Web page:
Margaret Heritage presents a practical guide to formative assessment as a process of “inquiry and action” essential to twenty-first century learning.
In the wake of the development of the Common Core standards and the effort to develop the appropriate assessments to accompany them, formative assessment has attracted increasing attention from policy makers and practitioners alike. Yet this powerful and promising approach is often applied in ways that fail to capture its potential for improving student learning.
In her book, Margaret Heritage presents a practical guide to formative assessment as a process of “inquiry and action” essential to twenty-first century learning. Heritage’s approach is distinctive in that it is grounded in a “children’s rights” framework—that is, the belief that assessment should be in the best interest of all students, that students should be involved in the decisions that ensue from assessment use, and that opportunities to learn, progress, and succeed will be available to all children equally. Accordingly, she addresses the students’ own role in learning about themselves as learners and examines the classroom as a community of practice. The book also includes chapters on learning progressions and the policy contexts that support formative assessment.
Skillfully interweaving theory and practice, this book promises to be an invaluable resource for teachers, teacher educators, and those interested in the academic and policy aspects of assessment.
[Heritage’s] analysis of formative assessment reflects the real-world, what’s-next thinking of a seasoned practitioner and, at the same time, the carefully documented, thoroughly researched approach of a full-fledged academic. Her readers are fortunate that she could not keep those two worlds apart. — From the foreword by W. James Popham, professor emeritus, University of California, Los Angeles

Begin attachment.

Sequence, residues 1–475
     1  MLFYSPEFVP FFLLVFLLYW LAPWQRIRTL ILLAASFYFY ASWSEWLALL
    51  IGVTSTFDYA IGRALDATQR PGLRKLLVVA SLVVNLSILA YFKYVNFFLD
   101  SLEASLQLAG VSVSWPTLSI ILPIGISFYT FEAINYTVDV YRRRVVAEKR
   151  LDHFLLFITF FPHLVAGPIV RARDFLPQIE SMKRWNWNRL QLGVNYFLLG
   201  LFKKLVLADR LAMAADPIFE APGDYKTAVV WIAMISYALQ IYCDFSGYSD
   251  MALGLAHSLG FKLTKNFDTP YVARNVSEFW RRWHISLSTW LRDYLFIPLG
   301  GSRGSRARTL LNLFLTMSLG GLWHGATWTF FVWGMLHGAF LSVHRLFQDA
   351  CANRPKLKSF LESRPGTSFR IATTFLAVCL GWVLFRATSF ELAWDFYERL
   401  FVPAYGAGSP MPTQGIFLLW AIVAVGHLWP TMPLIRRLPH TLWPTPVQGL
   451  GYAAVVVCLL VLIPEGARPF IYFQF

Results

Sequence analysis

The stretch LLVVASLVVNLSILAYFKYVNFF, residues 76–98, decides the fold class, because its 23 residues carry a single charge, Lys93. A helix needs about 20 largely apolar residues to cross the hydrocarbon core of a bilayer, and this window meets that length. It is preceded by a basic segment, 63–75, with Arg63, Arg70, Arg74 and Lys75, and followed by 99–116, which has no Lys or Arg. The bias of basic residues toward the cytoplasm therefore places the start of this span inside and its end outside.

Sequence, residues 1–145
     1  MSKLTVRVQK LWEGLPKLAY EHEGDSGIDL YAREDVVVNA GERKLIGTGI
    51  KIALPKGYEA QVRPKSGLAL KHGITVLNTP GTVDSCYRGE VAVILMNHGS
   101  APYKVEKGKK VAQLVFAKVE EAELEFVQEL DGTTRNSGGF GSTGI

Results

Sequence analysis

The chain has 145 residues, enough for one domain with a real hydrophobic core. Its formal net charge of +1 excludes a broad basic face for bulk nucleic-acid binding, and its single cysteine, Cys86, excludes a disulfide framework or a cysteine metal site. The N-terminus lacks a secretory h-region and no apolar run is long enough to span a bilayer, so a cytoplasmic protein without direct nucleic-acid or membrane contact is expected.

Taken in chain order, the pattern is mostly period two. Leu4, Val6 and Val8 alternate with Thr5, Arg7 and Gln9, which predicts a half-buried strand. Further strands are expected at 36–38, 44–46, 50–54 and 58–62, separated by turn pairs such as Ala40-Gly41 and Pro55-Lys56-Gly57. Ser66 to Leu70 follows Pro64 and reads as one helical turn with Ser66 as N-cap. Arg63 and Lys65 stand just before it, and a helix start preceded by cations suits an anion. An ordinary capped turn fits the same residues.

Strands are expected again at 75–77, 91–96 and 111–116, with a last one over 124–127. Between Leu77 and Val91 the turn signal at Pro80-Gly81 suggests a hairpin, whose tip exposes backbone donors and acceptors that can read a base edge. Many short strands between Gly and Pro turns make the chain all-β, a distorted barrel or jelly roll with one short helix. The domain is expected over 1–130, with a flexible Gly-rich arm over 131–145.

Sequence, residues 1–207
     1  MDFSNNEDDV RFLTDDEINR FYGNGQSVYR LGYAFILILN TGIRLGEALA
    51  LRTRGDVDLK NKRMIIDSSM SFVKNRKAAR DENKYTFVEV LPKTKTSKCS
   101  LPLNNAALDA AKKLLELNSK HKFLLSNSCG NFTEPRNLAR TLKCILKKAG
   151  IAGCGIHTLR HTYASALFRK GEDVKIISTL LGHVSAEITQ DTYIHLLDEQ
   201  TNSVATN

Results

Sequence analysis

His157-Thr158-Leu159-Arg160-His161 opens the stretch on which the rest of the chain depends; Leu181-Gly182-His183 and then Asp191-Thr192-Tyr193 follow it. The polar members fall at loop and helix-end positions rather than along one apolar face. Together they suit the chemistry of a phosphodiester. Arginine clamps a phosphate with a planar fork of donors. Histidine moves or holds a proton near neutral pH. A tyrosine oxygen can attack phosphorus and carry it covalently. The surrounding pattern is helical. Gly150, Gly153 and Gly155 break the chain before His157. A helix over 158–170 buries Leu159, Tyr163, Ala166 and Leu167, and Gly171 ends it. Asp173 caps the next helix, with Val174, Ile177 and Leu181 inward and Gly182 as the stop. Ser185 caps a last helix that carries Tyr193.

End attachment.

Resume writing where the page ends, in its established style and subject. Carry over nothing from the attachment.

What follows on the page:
In this thoughtful book, Margaret Heritage shows that when it is done well, formative assessment is really a set of orientations that the best teachers use all the time. She shows how great teachers constantly place evidence—about what students learned and what they need to do next—at the heart of their practice, helping students achieve more and become better learners. — Dylan Wiliam, emeritus professor of educational assessment, Institute of Education, University of London
Heritage argues for a children’s rights approach that allows students to develop skills in becoming autonomous learners. Guiding the teacher through the use of learning progressions, the collection of evidence, and the process of inquiry, she highlights the power of formative assessment to close the achievement gap for all learners. — Gabriela Cardenas, demonstration teacher, UCLA Lab School
Heritage articulates a practical, theoretically sound approach to assessment. Filled with conceptual insights and compelling examples, this is a handbook of the powerful pedagogy our teachers need and our students deserve. If you care about teaching that fosters a learning culture, read this book. — Robert Linquanti, project director, EL Evaluation and Accountability Support, and senior research associate, WestEd